I’ve been looking back at some of the garden pictures I’ve taken over the past month or so, and in particular at the plants and shrubs that bloom after the spring glut, but before main season summer-flowering species take over during the hottest part of the year. These are useful “bridging plants” that prevent flower beds from looking empty as one season gives way to another.
In fact, they’re so useful for maintaining a steady stream of flowers that I intend to bulk up my stocks for next year, beginning with Mayapples:
Taking over nicely from springtime hepaticas, trilliums and Jack-in-the-pulpits are our native Mayapples (Podophyllum peltatum, Zone 4) which produce fragrant white blooms underneath their leafy green “umbrellas.” I grow them in full shade in moist, humus-rich soil where they spend the summer with various ferns and monkshoods; dryer soils will result in plants going dormant in midsummer. Spreading slowly via underground rhizomes (or stems), any unwanted plants are easy to pull out.
Another useful North American native is blue camassia (Camassia leichtlinii ssp. suksdorfii, Zone 4). Bulbs of blue camassia are purchased and planted in the autumn at the same time as daffodils and tulips, and slowly spread to form a handsome clump like this one:
Until they’ve finished blooming, camassias require a full sun location in moist, rich garden soil, but—like so many bulbs—after flowering, they prefer to dry out and have a good summer “bake.” Growing about 60 centimetres tall, their foliage should be left to mature naturally (never braid or tie leaves up). I place summer-blooming Campanula and Salvia cultivars in front of my camassia clumps to hide their yellowing leaves.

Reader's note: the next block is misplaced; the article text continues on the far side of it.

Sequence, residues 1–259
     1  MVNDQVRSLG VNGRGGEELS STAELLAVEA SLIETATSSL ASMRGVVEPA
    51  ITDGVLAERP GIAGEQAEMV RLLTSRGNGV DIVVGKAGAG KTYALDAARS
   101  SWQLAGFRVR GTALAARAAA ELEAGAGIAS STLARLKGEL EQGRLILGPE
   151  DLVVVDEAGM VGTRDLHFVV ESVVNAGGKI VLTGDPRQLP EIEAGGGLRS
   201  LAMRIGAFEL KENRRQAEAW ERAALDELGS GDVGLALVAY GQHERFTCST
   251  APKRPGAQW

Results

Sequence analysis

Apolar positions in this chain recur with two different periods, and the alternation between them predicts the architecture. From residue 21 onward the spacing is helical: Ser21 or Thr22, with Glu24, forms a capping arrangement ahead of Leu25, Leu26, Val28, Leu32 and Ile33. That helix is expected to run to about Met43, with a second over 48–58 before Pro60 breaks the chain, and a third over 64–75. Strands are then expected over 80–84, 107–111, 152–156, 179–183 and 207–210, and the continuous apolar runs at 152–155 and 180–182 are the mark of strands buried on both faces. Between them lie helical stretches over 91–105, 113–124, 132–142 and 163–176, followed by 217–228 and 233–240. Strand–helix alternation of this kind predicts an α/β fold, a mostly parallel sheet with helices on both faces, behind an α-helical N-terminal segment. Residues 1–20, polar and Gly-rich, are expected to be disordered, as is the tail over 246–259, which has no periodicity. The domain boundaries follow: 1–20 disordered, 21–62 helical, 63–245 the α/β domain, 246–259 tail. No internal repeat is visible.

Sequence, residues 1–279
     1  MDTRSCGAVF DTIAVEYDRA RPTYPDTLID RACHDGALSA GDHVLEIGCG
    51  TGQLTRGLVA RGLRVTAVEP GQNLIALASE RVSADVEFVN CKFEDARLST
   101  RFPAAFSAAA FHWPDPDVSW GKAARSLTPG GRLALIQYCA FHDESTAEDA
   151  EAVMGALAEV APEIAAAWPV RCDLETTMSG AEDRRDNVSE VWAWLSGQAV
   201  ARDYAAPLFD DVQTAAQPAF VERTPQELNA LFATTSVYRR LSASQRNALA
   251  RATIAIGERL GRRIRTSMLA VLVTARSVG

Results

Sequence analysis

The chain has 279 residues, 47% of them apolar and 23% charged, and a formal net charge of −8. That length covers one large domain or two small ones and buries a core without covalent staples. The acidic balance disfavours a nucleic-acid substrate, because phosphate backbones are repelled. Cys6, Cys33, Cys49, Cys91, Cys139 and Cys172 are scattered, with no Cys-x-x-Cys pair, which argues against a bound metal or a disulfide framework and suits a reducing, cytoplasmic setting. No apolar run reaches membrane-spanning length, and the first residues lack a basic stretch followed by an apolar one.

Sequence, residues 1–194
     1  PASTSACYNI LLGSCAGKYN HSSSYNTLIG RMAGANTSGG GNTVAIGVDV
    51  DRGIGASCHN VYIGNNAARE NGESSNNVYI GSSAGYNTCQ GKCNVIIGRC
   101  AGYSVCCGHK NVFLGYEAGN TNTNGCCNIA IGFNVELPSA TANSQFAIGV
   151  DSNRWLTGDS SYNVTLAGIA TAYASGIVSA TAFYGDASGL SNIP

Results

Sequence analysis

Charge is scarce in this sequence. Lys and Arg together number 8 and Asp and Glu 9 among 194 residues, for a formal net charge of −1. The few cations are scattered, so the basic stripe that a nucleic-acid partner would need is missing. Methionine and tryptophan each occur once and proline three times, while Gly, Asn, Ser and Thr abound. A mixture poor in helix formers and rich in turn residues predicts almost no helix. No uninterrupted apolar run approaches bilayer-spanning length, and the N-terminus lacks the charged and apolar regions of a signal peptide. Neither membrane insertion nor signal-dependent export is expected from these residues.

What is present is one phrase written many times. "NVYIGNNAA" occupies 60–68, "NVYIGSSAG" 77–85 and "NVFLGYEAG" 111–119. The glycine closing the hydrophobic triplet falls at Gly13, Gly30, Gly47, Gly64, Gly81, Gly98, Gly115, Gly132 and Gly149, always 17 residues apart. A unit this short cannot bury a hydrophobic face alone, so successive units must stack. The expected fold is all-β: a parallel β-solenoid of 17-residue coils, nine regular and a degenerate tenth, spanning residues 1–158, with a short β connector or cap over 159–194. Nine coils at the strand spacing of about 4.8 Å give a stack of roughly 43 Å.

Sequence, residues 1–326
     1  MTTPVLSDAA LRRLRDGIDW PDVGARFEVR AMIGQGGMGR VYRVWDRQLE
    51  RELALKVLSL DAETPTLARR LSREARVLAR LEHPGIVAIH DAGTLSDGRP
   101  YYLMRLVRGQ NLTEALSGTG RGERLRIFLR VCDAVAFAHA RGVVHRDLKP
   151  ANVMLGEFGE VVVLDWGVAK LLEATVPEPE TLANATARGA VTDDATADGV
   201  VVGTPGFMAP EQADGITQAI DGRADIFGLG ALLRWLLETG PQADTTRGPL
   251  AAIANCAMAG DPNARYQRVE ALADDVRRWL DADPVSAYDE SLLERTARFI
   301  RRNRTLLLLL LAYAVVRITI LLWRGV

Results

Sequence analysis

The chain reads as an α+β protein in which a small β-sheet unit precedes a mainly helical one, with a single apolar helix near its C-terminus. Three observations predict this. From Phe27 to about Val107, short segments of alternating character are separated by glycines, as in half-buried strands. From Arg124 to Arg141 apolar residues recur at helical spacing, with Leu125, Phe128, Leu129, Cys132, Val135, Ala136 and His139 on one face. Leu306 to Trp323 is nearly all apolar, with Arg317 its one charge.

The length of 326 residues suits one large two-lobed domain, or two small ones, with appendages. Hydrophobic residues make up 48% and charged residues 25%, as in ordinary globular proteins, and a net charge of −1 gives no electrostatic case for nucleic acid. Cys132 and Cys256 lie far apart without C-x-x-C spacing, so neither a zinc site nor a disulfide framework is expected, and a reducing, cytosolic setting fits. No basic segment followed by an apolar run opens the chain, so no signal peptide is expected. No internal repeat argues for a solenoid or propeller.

White-flowered camassia (C. l. ssp. leichtlinii) bulbs are often sold right next to the blue ones, but I avoid these. They begin to bloom two weeks after the blues have finished, and their sparse flowers are a rather nondescript cream colour—not white.
Tree peonies (Paeonia ×lemoinei, P. lutea and P. suffruticosa cvs.) are often considered difficult to grow, perhaps because after transplanting, some varieties may take a couple of years to settle down and start blooming. The main trick is to ensure that the graft union (the area where the roots meet the shoots) is 10 to 15 centimetres below the soil surface.
Blooming two to three weeks before garden peonies (P. lactiflora cvs.), tree peonies have larger flowers—including yellow—don’t require staking, and most are hardy to Zone 4. All you need is good garden soil, a sun to part-shade location and a bit of patience.
After the early, fragrant viburnums and lilacs have finished blooming, there isn’t a lot to look forward to as far as scented flowering shrubs are concerned. And while it’s true that hydrangeas, spireas and weigelas bloom in summer, few of them have a noticeably sweet fragrance.
That’s where fragrant (or Korean) abelia comes in: Abelia mosanensis (Zone 4) blooms about a month after the Preston (late) lilacs have finished, and their scent is as good as—some say better—than the best French lilac cultivars.
Growing 150 centimetres high by 100 cms wide, Korean abelia sets flower buds in summer on new wood that open the following year in clusters of heavenly-scented pinkish white blooms. Content in average garden soil in a sun to part-shade location, shrubs should be pruned immediately after flowering to emphasize their vase-shaped habit.
About eight years ago, Dr. Tim Wood of Spring Meadow Nursery (Michigan) introduced a strain of Korean abelia (sourced in Latvia, of all places!) under the Proven Winners banner. Widely available in the U.S., it’s difficult to find in Canada which is odd, given its hardiness (probably to Zone 3). In addition to its ethereally fragrant flowers, the foliage of Korean abelia turns a brilliant orange-red in autumn, so we can only hope that it will soon appear in greater numbers on this side of the border.